Btw I'm in India, and would like to see Pak win tonight. Or maybe I'd like to see England lose more.

Q said...

Thats a very talked about topic K, especially amongst the desis who have lived outside their home countries all their life, such as me.

Is it really a moral obligation to support the country of birth/residence? Should support not come from your emotions / feelings?

I believe supporting one team or person over another is a natural choice, and not one that anyone can make.

I've lived in the UAE all my life, and my brother may soon make it to the UAE cricket team as well, but never would I be able to bring myself to support the UAE over Pakistan in a cricket match.

I would like to see Pakistan win all the time.

UAE against any other team, yeah I will back them. The way I was doing during the ICC qualifiers.

This topic has also been discussed by scientists studying behavioral issues amongst teens growing up in foreign lands.. they reckon their association to their home country can be judged by which sport team they support: country of origin or residence?

I understand completely what ur saying and why ur saying that.. but to get oneself to feel its a moral obligation to support one country / team is extremely difficult.

achettup said...

I always thought you were free to choose who you wanted to support. Don't get me wrong, but if I support ANY team against India and someone told me I was being unpatriotic I would punch him in the face. For the simple reason that supporting a sporting team should have nothing to do with patriotism, in fact in my personal opinion people who support a team purely because of their patriotic sentiments bring more damage and harm to the game and take losses a lot more personally than they should. I don't expect everyone to agree with me, but to me its just a game, albeit one I love very much.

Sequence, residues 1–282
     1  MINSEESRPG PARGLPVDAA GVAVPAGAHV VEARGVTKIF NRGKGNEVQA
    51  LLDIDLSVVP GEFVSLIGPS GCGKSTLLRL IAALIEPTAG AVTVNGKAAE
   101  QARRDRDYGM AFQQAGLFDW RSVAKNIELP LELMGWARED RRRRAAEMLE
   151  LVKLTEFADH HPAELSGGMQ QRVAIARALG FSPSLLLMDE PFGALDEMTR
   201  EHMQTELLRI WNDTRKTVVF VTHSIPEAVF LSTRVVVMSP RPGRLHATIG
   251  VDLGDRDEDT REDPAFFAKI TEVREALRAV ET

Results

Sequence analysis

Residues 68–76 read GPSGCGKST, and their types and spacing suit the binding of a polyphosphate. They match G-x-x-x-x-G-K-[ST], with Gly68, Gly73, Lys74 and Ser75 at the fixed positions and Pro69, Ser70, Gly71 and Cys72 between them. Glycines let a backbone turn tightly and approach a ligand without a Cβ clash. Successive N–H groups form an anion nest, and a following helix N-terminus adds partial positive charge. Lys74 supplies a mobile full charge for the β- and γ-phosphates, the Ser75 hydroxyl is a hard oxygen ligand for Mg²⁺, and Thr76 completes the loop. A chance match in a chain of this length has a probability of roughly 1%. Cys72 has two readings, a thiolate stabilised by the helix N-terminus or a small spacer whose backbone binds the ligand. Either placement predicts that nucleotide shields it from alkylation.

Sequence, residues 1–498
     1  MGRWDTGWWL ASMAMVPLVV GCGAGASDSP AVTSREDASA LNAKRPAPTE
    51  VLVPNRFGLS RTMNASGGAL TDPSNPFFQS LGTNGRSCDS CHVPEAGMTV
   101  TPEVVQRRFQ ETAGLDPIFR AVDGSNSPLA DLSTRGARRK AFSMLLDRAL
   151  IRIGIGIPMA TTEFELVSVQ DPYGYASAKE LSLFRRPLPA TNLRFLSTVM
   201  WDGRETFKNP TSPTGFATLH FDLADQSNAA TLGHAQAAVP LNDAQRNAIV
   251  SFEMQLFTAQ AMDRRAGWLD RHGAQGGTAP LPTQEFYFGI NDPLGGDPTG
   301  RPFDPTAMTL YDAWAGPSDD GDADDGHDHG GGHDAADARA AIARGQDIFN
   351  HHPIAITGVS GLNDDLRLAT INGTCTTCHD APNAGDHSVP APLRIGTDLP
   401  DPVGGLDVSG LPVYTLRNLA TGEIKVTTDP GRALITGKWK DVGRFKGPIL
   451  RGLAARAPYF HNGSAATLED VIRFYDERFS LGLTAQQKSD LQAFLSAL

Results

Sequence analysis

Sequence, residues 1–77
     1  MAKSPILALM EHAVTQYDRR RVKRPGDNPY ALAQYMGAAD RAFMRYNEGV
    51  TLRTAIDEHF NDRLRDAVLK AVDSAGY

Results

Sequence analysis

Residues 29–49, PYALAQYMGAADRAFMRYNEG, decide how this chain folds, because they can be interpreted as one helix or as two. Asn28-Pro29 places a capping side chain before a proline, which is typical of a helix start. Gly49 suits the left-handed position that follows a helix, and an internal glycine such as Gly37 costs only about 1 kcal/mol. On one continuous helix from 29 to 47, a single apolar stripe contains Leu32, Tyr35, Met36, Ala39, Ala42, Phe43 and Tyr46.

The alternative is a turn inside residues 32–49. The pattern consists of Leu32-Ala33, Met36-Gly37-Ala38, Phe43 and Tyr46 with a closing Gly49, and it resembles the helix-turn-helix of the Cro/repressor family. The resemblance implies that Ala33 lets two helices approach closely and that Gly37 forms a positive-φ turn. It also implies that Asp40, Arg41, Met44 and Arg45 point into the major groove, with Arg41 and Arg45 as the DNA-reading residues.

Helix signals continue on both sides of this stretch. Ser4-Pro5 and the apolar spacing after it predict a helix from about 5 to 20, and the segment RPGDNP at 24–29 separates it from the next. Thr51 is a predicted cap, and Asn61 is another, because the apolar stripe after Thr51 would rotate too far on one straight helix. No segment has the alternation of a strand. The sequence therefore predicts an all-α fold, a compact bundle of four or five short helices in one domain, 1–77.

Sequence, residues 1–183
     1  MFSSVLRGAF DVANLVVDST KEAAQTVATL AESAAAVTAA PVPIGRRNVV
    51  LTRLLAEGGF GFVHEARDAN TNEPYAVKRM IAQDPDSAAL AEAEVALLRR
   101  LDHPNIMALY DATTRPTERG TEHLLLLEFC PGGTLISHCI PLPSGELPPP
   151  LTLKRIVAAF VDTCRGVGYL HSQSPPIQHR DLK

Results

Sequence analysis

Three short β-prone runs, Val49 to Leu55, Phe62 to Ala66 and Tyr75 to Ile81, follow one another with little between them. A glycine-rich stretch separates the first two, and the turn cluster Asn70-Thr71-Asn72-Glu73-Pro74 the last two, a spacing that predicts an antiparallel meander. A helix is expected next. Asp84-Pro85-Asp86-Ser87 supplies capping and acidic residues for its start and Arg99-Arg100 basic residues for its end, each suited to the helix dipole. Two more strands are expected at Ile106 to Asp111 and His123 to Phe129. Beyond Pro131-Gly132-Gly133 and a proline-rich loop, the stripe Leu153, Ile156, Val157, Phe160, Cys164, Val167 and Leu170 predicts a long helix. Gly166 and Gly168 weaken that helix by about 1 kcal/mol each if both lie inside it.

RajaB said...

Brilliant stuff...

This is typically a subcontinental thing I would say. I am sure an Alan Lamb, Greame Hick & a Kevin Pieterson would support England more than a Owais Shah or a Paneser...

K said...

I'm glad that my post has triggered such varied reactions. It was worth spending all that time writing this one.

Perhaps our Brit desis should draw some inspiration from Sonia Gandhi for obvious reasons.

straight point said...

'K'racker of post...

wherever you live there is this connection with homeland and they always face this dilemma whom to support...

dil don't think logical way...that's why they say dillogical... :)

K said...

Dear Achettup, please don't take it to heart. You don't need to punch anyone. Your supporting any team against India in a one-off match cannot be compared to the regular support India receives from the Brit Desis (who think India is what they see in Hindi films).